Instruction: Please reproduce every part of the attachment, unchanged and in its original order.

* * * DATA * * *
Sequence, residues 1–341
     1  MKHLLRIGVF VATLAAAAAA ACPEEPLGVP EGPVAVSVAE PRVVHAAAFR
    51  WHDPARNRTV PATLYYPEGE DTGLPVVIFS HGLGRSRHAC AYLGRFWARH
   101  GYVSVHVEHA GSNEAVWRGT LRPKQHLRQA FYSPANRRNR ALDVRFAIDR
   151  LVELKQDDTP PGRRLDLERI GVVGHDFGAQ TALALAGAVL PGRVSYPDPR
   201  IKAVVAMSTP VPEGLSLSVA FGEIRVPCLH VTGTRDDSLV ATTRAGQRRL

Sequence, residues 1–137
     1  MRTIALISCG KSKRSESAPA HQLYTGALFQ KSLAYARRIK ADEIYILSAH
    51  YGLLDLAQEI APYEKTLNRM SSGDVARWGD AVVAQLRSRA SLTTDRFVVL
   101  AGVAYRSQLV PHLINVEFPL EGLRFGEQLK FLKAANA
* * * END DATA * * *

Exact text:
Sequence, residues 1–341
     1  MKHLLRIGVF VATLAAAAAA ACPEEPLGVP EGPVAVSVAE PRVVHAAAFR
    51  WHDPARNRTV PATLYYPEGE DTGLPVVIFS HGLGRSRHAC AYLGRFWARH
   101  GYVSVHVEHA GSNEAVWRGT LRPKQHLRQA FYSPANRRNR ALDVRFAIDR
   151  LVELKQDDTP PGRRLDLERI GVVGHDFGAQ TALALAGAVL PGRVSYPDPR
   201  IKAVVAMSTP VPEGLSLSVA FGEIRVPCLH VTGTRDDSLV ATTRAGQRRL

Sequence, residues 1–137
     1  MRTIALISCG KSKRSESAPA HQLYTGALFQ KSLAYARRIK ADEIYILSAH
    51  YGLLDLAQEI APYEKTLNRM SSGDVARWGD AVVAQLRSRA SLTTDRFVVL
   101  AGVAYRSQLV PHLINVEFPL EGLRFGEQLK FLKAANA